Inequalities across borders encourage the movement of people, goods, drugs, weapons, and money across it. While the poor are restricted by the lottery of birth to slum dwellings in the aftershocks of decolonization, the wealthy travel without constraint, exploiting pools of cheap labour and lax environmental regulations. With the growth of borders and resource enclosures, the deaths of migrants in search of a better life are intimately connected to climate change, environmental degradation, and the growth of global wealth inequality. Reece Jones’ research crosses the migrant trails of the world, documenting the billions of dollars spent on border security projects and their dire consequences for millions.
Pages of Hackney offers a series of readings, discussions, debates, screenings, art exhibitions, performances and parties. These events are well-attended so do pop into the shop or pay by PayPal in advance to guarantee a place. You can contact us on firstname.lastname@example.org or 02085251452.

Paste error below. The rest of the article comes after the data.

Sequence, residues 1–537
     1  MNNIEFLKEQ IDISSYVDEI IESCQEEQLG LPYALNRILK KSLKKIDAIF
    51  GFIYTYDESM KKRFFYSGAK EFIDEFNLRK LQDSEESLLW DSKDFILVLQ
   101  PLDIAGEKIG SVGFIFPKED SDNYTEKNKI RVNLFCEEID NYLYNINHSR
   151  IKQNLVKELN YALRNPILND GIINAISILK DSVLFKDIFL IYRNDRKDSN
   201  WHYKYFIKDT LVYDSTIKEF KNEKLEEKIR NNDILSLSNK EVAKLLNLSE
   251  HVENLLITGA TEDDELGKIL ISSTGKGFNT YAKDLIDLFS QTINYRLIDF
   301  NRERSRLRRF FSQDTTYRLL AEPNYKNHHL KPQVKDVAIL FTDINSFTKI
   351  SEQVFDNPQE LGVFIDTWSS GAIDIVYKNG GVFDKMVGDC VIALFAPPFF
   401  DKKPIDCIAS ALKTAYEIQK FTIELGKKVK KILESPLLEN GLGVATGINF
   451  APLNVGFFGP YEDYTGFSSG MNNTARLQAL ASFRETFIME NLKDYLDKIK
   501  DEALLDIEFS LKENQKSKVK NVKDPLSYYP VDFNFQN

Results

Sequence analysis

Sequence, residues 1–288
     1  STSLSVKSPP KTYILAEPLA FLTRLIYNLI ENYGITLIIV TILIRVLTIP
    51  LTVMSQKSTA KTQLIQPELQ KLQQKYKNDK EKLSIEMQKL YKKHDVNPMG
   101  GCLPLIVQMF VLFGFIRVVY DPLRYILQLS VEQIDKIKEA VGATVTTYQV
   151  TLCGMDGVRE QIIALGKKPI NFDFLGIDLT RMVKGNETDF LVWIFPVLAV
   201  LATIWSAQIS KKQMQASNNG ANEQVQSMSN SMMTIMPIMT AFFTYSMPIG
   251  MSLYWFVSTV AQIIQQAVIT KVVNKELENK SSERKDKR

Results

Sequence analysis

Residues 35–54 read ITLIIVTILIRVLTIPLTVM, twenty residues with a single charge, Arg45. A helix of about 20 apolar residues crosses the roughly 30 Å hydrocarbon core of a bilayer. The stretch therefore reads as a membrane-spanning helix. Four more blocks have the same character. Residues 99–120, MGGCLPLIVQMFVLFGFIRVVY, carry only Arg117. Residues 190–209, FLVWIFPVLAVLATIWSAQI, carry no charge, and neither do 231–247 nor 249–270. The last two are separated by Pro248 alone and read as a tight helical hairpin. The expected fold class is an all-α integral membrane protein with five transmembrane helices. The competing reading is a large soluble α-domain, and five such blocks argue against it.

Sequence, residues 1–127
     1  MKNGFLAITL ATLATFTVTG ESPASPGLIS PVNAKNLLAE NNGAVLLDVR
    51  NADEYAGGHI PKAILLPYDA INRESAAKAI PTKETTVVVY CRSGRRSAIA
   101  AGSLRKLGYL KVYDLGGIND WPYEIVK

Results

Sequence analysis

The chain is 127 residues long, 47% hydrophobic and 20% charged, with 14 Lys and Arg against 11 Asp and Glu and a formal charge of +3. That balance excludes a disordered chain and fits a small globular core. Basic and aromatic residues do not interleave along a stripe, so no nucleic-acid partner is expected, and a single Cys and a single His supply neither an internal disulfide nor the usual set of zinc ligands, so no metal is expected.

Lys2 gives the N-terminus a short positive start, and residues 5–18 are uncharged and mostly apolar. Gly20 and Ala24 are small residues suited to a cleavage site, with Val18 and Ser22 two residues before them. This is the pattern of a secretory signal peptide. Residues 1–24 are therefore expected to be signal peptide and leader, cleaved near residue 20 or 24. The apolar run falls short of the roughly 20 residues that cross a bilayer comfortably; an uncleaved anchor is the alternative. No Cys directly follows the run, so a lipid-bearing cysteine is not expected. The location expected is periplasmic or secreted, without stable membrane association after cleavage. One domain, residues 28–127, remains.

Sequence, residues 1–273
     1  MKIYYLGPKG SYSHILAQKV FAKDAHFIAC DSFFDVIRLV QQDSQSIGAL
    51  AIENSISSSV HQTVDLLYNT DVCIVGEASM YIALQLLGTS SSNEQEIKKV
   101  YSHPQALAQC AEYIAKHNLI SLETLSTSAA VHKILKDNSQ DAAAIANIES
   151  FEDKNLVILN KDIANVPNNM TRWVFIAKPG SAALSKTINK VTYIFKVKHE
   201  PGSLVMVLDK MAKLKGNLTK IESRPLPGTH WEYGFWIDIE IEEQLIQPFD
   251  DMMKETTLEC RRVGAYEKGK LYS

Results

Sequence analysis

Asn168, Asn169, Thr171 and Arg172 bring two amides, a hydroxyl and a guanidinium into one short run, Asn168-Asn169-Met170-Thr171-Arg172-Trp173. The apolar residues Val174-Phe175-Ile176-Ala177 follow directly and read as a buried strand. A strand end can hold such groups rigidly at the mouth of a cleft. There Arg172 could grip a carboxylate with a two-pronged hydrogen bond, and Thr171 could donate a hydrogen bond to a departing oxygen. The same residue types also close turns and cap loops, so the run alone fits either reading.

Events Highlights of the past
25 May 2016 Cathy Rentzenbrink and Max Porter discuss The Last Act of Love and Dylan Thomas prize winning Grief is the Thing with Feathers
11 May 2016 Rosie Walker and Samir Jeraj discuss The Rent Trap with Shiv Malik
4 May 2016 Ben Judah and Rowan Williams discuss London with Dave Hill
27 April 2016 Lynsey Hanley discusses Respectable with Mike Savage
7 April 2016 Julian Sayerer discusses Messengers
24 March 2016 Rebecca Mackenzie launches In a Land of Paper Gods
7 March 2016 Dawn Foster talks to Ash Sarkar about Lean Out
25 February 2016 Amy Liptrot with Cathy Rentzenbrink on The Outrun
16 February 2016 Ken Worpole and Andrea Zimmerman on Building Jerusalem
11 December 2015 Winter Warmer: Our annual Klezmer music, mulled wine and mince pies
17th November 2015 Hackney Propaganda with Barry Burke and Ken Worpole
12 November 2015 Adelaide Miranda launches Bargained Soul
22 October 2015 Life Cycles with Julian Sayarer
23rd September 2015 The Mythology of Work with Peter Fleming and Joanna Biggs, chaired by Dawn Foster
7 July 2015 Iain Sinclar in conversation with Mark Pilkington
29 April 2015 Curationism with David Balzer, chaired by Zoe Williams
15 April 2015 Rebel Footprints with David Rosenberg and Night Walking with Matthew Beaumont, chaired by Will Self
29 September 2014 The Establishment: and how they get away with it Owen Jones discusses his follow-up to Chavs with Melissa Benn